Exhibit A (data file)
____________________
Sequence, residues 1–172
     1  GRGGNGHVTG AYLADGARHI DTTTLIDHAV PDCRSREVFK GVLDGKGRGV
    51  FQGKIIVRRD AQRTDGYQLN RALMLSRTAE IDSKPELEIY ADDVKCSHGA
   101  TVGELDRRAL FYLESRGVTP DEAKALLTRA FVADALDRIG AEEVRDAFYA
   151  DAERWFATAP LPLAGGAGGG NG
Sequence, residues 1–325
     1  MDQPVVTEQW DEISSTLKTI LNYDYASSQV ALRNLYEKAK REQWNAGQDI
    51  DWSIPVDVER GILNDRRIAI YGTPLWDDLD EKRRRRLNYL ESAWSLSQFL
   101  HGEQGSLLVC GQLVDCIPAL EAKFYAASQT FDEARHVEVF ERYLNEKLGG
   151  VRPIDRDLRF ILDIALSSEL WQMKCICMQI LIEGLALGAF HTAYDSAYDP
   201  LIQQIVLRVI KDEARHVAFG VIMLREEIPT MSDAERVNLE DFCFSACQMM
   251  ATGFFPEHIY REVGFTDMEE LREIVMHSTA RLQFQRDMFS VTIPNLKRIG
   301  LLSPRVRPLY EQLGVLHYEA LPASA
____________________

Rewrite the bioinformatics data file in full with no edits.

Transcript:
Sequence, residues 1–172
     1  GRGGNGHVTG AYLADGARHI DTTTLIDHAV PDCRSREVFK GVLDGKGRGV
    51  FQGKIIVRRD AQRTDGYQLN RALMLSRTAE IDSKPELEIY ADDVKCSHGA
   101  TVGELDRRAL FYLESRGVTP DEAKALLTRA FVADALDRIG AEEVRDAFYA
   151  DAERWFATAP LPLAGGAGGG NG
Sequence, residues 1–325
     1  MDQPVVTEQW DEISSTLKTI LNYDYASSQV ALRNLYEKAK REQWNAGQDI
    51  DWSIPVDVER GILNDRRIAI YGTPLWDDLD EKRRRRLNYL ESAWSLSQFL
   101  HGEQGSLLVC GQLVDCIPAL EAKFYAASQT FDEARHVEVF ERYLNEKLGG
   151  VRPIDRDLRF ILDIALSSEL WQMKCICMQI LIEGLALGAF HTAYDSAYDP
   201  LIQQIVLRVI KDEARHVAFG VIMLREEIPT MSDAERVNLE DFCFSACQMM
   251  ATGFFPEHIY REVGFTDMEE LREIVMHSTA RLQFQRDMFS VTIPNLKRIG
   301  LLSPRVRPLY EQLGVLHYEA LPASA